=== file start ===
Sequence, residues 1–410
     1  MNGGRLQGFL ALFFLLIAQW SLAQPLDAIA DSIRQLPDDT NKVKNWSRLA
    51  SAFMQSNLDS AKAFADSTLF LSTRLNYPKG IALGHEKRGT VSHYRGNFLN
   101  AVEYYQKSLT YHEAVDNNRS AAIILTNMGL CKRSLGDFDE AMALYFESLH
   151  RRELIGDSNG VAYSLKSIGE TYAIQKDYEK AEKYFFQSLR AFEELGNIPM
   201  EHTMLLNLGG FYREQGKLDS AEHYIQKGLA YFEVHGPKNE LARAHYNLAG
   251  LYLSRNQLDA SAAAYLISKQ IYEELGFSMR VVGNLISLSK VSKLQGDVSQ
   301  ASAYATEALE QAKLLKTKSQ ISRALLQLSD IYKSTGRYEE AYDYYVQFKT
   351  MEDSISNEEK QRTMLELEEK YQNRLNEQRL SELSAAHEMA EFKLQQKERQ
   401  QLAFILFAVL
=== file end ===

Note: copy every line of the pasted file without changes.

Sequence, residues 1–410
     1  MNGGRLQGFL ALFFLLIAQW SLAQPLDAIA DSIRQLPDDT NKVKNWSRLA
    51  SAFMQSNLDS AKAFADSTLF LSTRLNYPKG IALGHEKRGT VSHYRGNFLN
   101  AVEYYQKSLT YHEAVDNNRS AAIILTNMGL CKRSLGDFDE AMALYFESLH
   151  RRELIGDSNG VAYSLKSIGE TYAIQKDYEK AEKYFFQSLR AFEELGNIPM
   201  EHTMLLNLGG FYREQGKLDS AEHYIQKGLA YFEVHGPKNE LARAHYNLAG
   251  LYLSRNQLDA SAAAYLISKQ IYEELGFSMR VVGNLISLSK VSKLQGDVSQ
   301  ASAYATEALE QAKLLKTKSQ ISRALLQLSD IYKSTGRYEE AYDYYVQFKT
   351  MEDSISNEEK QRTMLELEEK YQNRLNEQRL SELSAAHEMA EFKLQQKERQ
   401  QLAFILFAVL